Outside the imaginative confines of the Church (and nearly as often inside) the concept of Grace is one of the more misunderstood Christian ideas. The word is thrown around a lot, without explanation. Outside of the Church, Grace usually means something like “elegance” or “poise.” It is a quality that a person can have, which can either be learned and practiced, or is inborn: a gift of genetics. This is something like the Grace we mean, I think, in that the Grace of God is a free gift, and yet we can lean into it, practice it, get better at both accepting it and bestowing it on those around us. But as for what it actually is, it is more than mere elegance.
From a certain angle, Grace is like mercy — it is undeserved. We don’t earn God’s grace. But that’s just a piece, because I don’t think it is primarily about forgiveness from deserved punishment. When you give a gift to a friend, not out of any sense of obligation, but because the giving will make both of you happy, that is grace. Grace is my daughter (NOT coincidentally named Grace) when she dives headfirst into a snowdrift, wild with a mad joy at just being alive. Divine Grace, as Father Richard Rohr points out below, keeps the planets spinning in their orbits for no good reason “except love alone.” The crystallization of this idea, though it can come through many traditions and sources, is in my mind the finest contribution Christian thought has made to the world imagination. Here’s Father Rohr, who puts it better than I do.
-Ben (sorry for the long post!)
God Is Eternally Giving Away God
I think grace, arising from God’s limitless love, is the central theme of the entire Bible. It is the divine Unmerited Generosity that is everywhere available, totally given, usually undetected as such, and often even undesired. This grace was defined even in the old Baltimore Catechism as “that which confers on our souls a new life, that is, a sharing in the life of God himself [sic].”  We always knew it on paper, but much less in experience and conviction.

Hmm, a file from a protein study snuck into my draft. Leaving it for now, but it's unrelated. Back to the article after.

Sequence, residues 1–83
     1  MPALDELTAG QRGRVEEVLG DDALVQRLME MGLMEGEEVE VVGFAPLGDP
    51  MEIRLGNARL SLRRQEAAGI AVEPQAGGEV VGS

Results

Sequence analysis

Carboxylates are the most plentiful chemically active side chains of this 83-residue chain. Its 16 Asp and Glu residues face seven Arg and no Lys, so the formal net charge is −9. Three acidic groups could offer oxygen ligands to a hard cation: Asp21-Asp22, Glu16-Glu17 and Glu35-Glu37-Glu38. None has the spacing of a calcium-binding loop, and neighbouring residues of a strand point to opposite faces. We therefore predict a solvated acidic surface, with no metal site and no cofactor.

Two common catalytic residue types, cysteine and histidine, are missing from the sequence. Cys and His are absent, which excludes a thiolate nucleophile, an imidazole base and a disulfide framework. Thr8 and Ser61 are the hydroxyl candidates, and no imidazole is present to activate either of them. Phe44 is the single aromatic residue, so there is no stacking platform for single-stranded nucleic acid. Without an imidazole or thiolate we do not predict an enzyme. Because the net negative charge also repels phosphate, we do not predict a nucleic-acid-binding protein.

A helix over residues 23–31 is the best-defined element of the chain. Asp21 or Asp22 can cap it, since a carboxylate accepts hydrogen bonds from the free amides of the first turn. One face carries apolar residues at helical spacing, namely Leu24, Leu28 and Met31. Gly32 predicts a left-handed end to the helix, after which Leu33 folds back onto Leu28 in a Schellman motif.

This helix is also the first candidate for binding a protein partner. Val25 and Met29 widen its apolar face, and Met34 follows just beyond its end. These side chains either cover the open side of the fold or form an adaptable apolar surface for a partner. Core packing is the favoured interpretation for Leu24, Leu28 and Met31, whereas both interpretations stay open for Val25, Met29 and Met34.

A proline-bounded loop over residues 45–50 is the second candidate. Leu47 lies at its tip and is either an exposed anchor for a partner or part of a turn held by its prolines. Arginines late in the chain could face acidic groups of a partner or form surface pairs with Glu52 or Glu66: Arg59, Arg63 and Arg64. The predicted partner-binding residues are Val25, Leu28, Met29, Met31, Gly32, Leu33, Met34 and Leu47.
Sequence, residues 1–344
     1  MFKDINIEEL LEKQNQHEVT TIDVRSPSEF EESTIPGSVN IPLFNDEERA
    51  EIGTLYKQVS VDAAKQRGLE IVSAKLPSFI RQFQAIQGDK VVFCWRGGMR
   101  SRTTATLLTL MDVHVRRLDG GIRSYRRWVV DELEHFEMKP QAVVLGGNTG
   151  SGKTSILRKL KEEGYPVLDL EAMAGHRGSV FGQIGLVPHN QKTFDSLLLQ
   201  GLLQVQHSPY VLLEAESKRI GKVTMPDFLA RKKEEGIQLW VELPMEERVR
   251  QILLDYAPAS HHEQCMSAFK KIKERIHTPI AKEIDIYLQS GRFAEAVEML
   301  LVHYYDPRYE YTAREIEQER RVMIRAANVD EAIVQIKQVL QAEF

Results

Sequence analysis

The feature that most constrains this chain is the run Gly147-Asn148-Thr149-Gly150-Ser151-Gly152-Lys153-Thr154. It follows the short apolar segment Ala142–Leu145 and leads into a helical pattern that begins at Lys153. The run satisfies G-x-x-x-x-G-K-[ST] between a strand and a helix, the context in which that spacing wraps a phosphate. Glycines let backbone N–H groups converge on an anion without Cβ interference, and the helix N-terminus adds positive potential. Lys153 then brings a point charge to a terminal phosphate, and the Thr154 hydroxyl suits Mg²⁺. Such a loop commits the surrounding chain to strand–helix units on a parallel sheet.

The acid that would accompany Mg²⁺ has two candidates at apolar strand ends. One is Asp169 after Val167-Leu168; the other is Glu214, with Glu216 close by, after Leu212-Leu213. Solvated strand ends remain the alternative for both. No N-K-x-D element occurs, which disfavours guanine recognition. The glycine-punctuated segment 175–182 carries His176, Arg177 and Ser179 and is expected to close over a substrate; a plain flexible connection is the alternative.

In the parable of the watchful servants (Luke 12:35-40), God is actually presented as waiting on us–in the middle of the night! In fact, we see God as both our personal servant inside our house and the divine burglar who has to “break through the walls of [our] house.” That’s really quite extraordinary and not our usual image of God. It shows how much God–the “Hound of Heaven,” as Francis Thompson says–wants to get to us and how unrelenting is the work of grace.
Unless and until you understand the biblical concept of God’s unmerited favor, God’s unaccountable love, most of the biblical text cannot be interpreted or tied together in any positive way. It is, without doubt, the key and the code to everything transformative in the Bible. People who have not experienced the radical character of grace will always misinterpret the meanings and major direction of the Bible. The Bible will become a burden, obligation, and weapon more than a gift.
Grace cannot be understood by any ledger of merits and demerits. It cannot be held to patterns of buying, losing, earning, achieving, or manipulating, which is where, unfortunately, most of us live our lives. Grace is, quite literally, “for the taking.” It is God eternally giving away God–for nothing–except the giving itself. I believe grace is the life energy that makes flowers bloom, animals lovingly raise their young, babies smile, and the planets remain in their orbits–for no good reason whatsoever–except love alone.